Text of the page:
i just came back from Singapore Lyric Opera’s latest production, Puccini’s Turandot. it was… disappointing. yes, i was disappointed. greatly. ok random ranting and totally random entry ahead!
ok, a short (OK, not so short but its informative!!) snippet about Turandot!
“Turandot is an opera in three acts by Giacomo Puccini, set to a libretto in Italian by Giuseppe Adami and Renato Simoni. Though Puccini’s first interest in the subject was based on his reading of Friedrich Schiller‘s adaptation of the play, his work is most nearly based on the earlier text Turandot by Carlo Gozzi. Turandot was unfinished by the time of Puccini’s death, and was later completed by Franco Alfano. The first performance was held at the Teatro alla Scala in Milan on 25 April 1926, and conducted by Arturo Toscanini. This performance included only Puccini’s music and not Alfano’s additions.” – via Wikipedia
Place: Peking, China
Time: Legendary times
In front of the imperial palace.
A Mandarin announces the law of the land ( Popolo di Pekino! – “Any man who desires to wed Turandot must first answer her three riddles. If he fails, he will be beheaded” ). The Prince of Persia has failed and is to be beheaded at moonrise. As the crowd surges towards the gates of the palace, the imperial guards brutally repulse them, a blind old man is pushed to the ground. His slave-girl, Liù, cries for help. A young man hears her cry and recognizes the old man as his long-lost father, Timur, the deposed king of Tartary. The young Prince of Tartary is overjoyed seeing his father alive but urges him not to speak his name because he fears the Chinese rulers who have conquered Tartary. Timur tells his son that of all his servants, only Liù has remained faithful to him. When the Prince asks her why, she tells him that once, long ago in the palace, he smiled upon her (The crowd, Liù, Prince of Tartary, Timur: Indietro, cani! ).
The moon rises, and the crowd’s cries for blood turn into silence. The doomed Prince of Persia is led before the crowd on his way to execution. The young Prince is so handsome that the crowd and the Prince of Tartary are moved to compassion and call on Turandot to spare his life (The crowd, Prince of Tartary : O giovinetto! ). She appears, and with a single imperious gesture orders the execution to continue. The Prince of Tartary, who has never seen Turandot before, falls immediately in love. As he cries out her name with joy, the crowd screams in horror: The Prince of Persia has been beheaded.
The Prince of Tartary is dazzled by Turandot’s beauty. He is about to rush towards the gong and strike it three times; the symbolic gesture of whoever wishes to marry Turandot when the ministers Ping, Pong, and Pang appear and urge him cynically ( Fermo, che fai? ) not to lose his head for Turandot but to go back to his own country. Timur urges his son to desist, and Liù, who is secretly in love with the Prince, pleads with him ( Signore, ascolta! – “My lord, listen!” ) not to attempt the riddles. Liu’s words touch his heart. The Prince tells Liu to make exile more bearable and never to abandon his father if the Prince fails to answer the riddles ( Non piangere, Liù – “Don’t cry, Liù” ) . The three ministers, Timur and Liù try one last time to hold the Prince ( Ah! Per l’ultima volta! ) but he refuses to listen.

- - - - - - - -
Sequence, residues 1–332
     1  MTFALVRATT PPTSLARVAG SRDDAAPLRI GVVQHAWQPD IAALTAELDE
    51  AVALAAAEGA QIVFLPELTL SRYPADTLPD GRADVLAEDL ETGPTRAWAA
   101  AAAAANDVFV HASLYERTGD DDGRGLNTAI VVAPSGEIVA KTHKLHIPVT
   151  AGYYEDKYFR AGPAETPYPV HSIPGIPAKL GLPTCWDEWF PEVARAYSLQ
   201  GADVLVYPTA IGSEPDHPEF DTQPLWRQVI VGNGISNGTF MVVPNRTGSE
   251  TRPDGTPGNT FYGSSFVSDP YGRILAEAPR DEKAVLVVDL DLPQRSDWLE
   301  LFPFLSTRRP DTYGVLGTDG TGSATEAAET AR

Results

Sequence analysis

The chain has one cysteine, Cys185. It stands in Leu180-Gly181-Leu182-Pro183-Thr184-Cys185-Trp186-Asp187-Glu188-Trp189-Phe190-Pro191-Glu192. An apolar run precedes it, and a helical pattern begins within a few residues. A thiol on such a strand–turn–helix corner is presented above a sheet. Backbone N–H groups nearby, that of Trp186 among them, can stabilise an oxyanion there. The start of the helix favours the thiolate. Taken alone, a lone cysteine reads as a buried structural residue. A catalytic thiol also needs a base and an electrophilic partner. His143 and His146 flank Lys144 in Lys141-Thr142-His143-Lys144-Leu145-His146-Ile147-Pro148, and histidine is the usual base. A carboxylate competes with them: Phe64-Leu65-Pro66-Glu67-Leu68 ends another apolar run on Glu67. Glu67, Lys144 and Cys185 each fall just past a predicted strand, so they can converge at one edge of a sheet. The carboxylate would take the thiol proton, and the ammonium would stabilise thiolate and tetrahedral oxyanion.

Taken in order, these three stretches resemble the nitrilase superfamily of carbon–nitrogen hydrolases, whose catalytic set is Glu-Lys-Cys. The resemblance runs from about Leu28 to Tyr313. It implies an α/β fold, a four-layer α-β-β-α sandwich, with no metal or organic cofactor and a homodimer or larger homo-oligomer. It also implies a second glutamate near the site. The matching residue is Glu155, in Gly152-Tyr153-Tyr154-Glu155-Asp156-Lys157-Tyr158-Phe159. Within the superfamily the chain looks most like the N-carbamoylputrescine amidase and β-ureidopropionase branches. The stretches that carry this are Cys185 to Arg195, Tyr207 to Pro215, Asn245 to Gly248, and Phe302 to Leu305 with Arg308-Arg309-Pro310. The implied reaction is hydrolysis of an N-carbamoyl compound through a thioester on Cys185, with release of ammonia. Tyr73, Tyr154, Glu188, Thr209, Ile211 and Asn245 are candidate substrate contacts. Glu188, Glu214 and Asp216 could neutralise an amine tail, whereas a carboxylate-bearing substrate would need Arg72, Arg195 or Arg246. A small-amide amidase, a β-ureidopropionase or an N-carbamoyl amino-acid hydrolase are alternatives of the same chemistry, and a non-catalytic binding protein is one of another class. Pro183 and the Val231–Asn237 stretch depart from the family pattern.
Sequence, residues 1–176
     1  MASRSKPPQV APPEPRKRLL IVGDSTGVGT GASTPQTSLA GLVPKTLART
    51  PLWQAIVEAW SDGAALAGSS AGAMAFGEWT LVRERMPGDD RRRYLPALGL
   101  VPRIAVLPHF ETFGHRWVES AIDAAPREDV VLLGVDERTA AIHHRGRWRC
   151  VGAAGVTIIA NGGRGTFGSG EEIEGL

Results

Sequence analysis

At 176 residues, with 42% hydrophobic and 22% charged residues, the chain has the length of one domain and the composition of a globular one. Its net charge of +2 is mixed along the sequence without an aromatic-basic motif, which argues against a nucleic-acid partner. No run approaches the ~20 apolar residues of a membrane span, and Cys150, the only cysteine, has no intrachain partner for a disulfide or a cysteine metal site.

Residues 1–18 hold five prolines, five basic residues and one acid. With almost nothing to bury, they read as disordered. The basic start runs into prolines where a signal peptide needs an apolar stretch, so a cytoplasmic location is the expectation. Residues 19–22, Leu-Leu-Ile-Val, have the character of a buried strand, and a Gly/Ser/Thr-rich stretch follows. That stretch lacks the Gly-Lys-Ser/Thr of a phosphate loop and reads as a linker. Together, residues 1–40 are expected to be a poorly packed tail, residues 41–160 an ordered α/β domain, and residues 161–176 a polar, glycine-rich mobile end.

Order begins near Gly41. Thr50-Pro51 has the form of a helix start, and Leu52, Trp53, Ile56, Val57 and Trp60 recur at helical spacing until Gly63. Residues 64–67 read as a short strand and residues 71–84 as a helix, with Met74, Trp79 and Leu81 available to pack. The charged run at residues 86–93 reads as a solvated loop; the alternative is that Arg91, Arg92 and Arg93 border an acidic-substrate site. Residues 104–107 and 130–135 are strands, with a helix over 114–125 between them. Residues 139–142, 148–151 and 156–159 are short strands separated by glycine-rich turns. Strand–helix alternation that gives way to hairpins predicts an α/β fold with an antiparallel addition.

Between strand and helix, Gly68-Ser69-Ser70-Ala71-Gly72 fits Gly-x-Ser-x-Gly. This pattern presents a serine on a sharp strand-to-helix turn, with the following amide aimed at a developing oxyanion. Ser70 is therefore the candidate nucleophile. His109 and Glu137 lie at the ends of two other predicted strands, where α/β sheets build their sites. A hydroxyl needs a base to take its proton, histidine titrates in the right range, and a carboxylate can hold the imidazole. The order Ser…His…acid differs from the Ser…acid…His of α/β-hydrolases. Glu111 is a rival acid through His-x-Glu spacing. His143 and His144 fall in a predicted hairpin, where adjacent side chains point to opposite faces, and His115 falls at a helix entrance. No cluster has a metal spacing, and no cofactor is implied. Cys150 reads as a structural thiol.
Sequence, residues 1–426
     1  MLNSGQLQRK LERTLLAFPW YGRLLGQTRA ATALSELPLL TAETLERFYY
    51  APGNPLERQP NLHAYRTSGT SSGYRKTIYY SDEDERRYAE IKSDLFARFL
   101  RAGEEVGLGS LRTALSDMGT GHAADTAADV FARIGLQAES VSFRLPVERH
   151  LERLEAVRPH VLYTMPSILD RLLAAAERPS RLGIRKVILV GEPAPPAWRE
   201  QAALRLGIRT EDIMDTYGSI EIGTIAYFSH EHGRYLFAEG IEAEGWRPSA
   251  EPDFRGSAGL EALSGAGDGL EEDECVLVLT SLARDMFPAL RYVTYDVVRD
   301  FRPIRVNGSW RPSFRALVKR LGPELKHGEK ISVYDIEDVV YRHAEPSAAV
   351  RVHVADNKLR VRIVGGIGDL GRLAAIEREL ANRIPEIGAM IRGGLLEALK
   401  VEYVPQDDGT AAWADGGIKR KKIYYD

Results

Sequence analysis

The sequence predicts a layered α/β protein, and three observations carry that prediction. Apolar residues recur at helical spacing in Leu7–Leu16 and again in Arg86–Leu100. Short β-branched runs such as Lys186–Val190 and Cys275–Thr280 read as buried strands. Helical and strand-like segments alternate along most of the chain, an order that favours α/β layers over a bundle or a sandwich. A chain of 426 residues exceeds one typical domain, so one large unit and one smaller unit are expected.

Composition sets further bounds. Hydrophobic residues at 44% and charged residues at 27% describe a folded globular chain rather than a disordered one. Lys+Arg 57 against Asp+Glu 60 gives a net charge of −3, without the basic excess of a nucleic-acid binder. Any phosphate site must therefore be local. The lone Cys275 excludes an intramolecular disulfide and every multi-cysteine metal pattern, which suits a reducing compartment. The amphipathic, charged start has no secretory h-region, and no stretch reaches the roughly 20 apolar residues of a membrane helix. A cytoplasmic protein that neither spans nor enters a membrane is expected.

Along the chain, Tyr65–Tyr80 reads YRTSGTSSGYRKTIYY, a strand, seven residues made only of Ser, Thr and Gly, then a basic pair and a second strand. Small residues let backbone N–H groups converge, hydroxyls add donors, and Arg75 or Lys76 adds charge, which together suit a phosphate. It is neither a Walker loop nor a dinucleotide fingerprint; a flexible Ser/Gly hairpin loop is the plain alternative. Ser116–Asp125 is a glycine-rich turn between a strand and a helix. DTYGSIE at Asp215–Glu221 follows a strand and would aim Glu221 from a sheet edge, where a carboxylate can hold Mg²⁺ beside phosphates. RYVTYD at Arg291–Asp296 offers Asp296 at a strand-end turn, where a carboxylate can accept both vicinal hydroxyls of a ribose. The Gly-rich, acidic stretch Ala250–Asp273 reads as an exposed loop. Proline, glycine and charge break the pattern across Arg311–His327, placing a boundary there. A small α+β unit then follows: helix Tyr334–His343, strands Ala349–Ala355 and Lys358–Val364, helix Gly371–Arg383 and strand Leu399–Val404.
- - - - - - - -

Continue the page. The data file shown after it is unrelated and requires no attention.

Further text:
He calls Turandot’s name three times, and each time Liu, Timur and the ministers reply, “Death!”, and the crowd gasp (“Ah!”). Rushing to the gong that hangs in front of the palace, he strikes it three times, declaring himself a suitor. From the palace balcony, Turandot accepts the challenge, as Ping, Pang and Pong laugh at the prince’s foolishness.
Scene 1: A pavilion in the imperial palace. Before sunrise.
Ping, Pang, and Pong lament their place as ministers, poring over palace documents and presiding over endless rituals. They prepare themselves for either a wedding or a funeral (Ping, Pang, Pong: Ola, Pang! ) . Ping suddenly longs for his country house in Honan, with its small lake surrounded by bamboo. Pong remembers his grove of forests near Tsiang, and Pang recalls his gardens near Kiu. The three share fond memories of life away from the palace (Ping, Pang, Pong: Ho una casa nell’Honan ) but are shaken back to the realities of Turandot’s bloody reign. They continually accompany young men to death and recall their ghastly fate. As the palace trumpet sounds, the ministers ready themselves for another spectacle as they await the entrance of the Emperor.
Scene 2: The courtyard of the palace. Sunrise.
The Emperor Altoum, father of Turandot, sits on his grand throne in his palace. He urges the Prince to withdraw his challenge but the Prince refuses (Altoum, the Prince: Un giuramento atroce ). Turandot enters and explains ( In questa reggia ) that her ancestress of millennia past, Princess Lo-u-Ling, reigned over her kingdom “in silence and joy, resisting the harsh domination of men” until she was ravished and murdered by an invading foreign prince. Lo-u-Ling now lives again in Turandot and out of revenge she has sworn never to let any man possess her. She warns the Prince to withdraw, but again he refuses. The Princess presents her first riddle ( Straniero, ascolta! ) “What is born each night and dies each dawn?” The Prince correctly replies, “Hope.”